Ubuntu is a free open source Linux-based operating system developed by Canonical.
Some Linux History
The Linux operating system was developed by Linus Torvalds in 1991 at the University of Helsinki. Over the years its liberal free open source software philosophy has made it popular in academia, and among hobbyists, where its license allows users to freely modify and redistribute the software.
There are many different “flavors” of Linux. Many are popular as server operating systems — according to Wikipedia 63.7% of the top one million publicly available web servers in September 2010 ran Linux.
Ubuntu on the Desktop
While lots of servers are running Linux, Ubuntu has found popularity with desktop users (but is used on servers too). Some factors that contribute to Ubuntu’s popularity on the desktop are:
- Development focused on usability and security.
- Simple installation via Live CD.
- Comes bundled with software for office productivity, web browsing, e-mail, IM and image editing.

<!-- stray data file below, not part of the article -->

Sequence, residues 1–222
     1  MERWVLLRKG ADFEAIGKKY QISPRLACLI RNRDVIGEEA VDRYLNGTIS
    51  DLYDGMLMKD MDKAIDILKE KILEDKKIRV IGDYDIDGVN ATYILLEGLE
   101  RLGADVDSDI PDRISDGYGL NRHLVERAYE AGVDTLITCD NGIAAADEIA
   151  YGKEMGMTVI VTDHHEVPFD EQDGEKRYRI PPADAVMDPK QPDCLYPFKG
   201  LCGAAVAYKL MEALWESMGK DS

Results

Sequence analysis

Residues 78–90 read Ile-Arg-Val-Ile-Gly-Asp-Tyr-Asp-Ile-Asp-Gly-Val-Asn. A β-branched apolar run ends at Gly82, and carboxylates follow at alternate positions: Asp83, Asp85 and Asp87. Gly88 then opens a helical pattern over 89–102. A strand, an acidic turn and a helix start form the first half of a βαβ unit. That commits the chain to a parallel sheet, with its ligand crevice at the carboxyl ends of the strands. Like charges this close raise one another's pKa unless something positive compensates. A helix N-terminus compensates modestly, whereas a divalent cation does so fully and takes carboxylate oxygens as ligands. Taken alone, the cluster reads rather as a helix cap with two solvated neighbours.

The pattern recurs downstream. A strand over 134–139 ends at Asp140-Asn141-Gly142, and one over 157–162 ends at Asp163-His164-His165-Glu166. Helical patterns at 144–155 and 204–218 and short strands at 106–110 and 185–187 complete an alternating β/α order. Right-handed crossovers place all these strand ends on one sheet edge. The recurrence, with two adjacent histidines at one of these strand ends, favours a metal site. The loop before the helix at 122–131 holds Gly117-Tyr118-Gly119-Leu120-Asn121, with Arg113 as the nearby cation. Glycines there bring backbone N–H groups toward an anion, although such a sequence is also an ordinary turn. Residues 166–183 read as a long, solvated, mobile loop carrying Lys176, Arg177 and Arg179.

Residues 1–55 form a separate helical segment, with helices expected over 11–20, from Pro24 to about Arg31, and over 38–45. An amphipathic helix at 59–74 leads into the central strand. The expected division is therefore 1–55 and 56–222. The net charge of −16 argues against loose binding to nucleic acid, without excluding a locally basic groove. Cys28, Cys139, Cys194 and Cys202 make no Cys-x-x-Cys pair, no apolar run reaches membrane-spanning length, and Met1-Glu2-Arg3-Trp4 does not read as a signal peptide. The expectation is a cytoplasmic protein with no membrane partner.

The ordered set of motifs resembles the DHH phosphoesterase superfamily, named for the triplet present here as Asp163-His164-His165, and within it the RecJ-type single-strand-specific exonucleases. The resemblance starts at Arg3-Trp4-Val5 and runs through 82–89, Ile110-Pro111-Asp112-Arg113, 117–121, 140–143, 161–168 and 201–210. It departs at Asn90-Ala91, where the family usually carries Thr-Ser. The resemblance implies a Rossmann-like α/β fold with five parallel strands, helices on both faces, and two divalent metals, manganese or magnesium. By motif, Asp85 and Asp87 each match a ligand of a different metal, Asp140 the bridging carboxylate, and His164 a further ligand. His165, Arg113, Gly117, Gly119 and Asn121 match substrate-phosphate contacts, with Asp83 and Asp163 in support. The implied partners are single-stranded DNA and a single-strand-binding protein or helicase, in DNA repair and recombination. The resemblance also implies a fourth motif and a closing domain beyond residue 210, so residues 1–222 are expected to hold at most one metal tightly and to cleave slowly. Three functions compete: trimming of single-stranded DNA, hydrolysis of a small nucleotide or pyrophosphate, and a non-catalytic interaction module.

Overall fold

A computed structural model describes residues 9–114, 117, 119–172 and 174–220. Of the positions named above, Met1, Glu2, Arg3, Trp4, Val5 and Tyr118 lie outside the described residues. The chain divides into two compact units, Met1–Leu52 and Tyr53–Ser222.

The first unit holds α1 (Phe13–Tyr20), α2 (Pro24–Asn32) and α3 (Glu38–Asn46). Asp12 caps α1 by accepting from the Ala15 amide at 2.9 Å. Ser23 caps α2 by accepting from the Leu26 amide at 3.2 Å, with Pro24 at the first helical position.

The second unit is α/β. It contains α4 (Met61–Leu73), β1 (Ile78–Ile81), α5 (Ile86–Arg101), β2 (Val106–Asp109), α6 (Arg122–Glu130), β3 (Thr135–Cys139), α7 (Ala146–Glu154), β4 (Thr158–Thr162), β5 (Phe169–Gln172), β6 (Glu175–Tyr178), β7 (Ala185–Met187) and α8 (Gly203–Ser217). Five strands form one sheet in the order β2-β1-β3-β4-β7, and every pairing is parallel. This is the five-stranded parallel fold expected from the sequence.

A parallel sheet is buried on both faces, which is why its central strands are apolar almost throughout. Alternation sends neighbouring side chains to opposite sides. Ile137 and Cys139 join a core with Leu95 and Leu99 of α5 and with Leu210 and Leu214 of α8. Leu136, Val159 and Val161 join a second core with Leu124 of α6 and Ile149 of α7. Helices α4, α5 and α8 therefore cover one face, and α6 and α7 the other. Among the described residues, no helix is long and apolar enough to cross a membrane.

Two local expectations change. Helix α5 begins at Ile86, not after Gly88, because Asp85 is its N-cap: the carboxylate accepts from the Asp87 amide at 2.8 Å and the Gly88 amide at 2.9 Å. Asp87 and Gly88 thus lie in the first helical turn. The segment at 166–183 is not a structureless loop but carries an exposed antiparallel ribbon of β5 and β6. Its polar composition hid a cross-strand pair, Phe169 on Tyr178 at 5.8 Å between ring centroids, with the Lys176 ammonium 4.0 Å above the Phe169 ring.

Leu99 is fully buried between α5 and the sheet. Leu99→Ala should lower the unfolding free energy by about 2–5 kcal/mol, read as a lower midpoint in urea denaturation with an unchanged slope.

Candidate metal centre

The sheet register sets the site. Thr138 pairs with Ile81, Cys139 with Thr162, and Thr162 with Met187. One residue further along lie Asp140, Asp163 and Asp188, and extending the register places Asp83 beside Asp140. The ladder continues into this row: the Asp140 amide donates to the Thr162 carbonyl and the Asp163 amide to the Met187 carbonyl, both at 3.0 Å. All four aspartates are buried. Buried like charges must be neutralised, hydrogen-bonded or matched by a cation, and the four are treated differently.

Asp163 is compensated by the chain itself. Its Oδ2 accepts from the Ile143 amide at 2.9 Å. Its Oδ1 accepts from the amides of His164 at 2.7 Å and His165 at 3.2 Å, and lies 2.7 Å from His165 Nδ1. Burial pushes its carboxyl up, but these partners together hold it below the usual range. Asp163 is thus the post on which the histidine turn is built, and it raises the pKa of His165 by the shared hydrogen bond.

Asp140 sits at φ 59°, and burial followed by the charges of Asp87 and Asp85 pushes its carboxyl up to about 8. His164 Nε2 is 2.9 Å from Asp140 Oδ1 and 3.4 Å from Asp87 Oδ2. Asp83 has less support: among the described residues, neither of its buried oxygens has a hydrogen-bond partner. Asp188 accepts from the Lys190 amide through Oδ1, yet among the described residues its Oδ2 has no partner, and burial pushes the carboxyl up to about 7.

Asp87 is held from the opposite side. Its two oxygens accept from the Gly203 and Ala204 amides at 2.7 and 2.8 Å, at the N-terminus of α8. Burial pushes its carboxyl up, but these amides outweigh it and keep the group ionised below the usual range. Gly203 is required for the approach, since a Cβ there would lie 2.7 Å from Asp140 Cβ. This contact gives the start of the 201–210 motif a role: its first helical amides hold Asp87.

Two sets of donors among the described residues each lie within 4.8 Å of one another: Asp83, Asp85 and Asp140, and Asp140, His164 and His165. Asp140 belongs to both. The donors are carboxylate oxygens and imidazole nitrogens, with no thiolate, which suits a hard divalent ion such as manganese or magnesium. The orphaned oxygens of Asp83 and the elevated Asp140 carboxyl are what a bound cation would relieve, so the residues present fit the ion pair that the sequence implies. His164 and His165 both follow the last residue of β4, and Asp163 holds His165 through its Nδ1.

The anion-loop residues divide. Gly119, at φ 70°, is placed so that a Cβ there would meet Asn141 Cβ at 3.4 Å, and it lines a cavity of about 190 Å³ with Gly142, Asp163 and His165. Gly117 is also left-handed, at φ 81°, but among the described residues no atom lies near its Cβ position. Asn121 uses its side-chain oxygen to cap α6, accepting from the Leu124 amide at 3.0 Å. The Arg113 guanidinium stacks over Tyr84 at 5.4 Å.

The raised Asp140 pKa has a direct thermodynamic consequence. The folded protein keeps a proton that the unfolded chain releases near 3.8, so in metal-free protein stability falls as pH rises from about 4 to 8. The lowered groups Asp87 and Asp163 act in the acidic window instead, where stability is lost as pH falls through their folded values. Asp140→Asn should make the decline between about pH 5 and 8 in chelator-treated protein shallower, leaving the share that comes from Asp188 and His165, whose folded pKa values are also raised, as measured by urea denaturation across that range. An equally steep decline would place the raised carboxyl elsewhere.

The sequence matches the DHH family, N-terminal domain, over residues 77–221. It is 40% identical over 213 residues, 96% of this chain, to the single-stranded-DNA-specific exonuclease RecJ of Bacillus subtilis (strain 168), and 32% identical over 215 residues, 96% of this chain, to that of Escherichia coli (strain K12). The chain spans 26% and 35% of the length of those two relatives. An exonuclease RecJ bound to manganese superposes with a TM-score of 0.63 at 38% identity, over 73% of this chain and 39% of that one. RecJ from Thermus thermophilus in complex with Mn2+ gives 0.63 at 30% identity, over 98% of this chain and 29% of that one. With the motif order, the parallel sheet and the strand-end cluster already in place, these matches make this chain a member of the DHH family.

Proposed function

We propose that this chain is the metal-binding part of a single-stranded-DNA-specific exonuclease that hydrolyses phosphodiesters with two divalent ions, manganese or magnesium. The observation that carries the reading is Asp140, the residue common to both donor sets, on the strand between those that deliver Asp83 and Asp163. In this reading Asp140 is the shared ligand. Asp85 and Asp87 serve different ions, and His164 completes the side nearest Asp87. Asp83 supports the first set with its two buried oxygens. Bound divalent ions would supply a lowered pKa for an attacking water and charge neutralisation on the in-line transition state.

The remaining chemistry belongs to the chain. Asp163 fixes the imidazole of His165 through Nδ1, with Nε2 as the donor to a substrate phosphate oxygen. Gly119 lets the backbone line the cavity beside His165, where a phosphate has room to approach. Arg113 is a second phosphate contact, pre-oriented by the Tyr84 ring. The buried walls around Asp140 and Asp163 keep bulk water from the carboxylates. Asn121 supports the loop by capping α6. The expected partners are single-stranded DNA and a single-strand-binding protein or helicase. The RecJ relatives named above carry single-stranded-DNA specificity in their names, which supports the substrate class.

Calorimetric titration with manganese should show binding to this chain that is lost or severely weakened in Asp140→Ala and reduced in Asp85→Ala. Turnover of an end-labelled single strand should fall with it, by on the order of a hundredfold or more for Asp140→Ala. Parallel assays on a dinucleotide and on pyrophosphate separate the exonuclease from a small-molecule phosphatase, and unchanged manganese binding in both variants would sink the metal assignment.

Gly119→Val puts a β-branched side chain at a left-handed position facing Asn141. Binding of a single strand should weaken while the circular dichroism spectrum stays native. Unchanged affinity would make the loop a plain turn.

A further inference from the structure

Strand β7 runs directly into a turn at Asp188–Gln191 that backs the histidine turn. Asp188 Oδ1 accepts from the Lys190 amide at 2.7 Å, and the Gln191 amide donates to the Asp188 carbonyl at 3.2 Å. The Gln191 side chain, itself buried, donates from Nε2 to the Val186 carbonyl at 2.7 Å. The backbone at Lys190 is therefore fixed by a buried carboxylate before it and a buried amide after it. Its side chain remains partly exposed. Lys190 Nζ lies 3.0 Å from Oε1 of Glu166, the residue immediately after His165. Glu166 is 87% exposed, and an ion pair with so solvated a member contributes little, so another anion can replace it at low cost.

- Easy software installation via package manager.
Linux has traditionally been popular with engineers, programmers, computer scientists and hobbyists but did not appeal to casual users who perceive it as too difficult to setup and use. Ubuntu has carved out its niche here, as a UNIX-based operating system that’s friendly towards people without technical backgrounds.
There are many different options for getting Ubuntu:
- Download the OS and burn your own installation CD.
- Run the Windows Installer.
- Buy a CD.
- Use alternative download methods such as BitTorrent.
Be sure to back up all your files and data before installing Ubuntu. If you are overwriting another operating system such as Windows, make sure you have the installation discs in case you want to switch back for some reason. Alternatively, you can install Ubuntu on a separate volume and dual boot with Windows.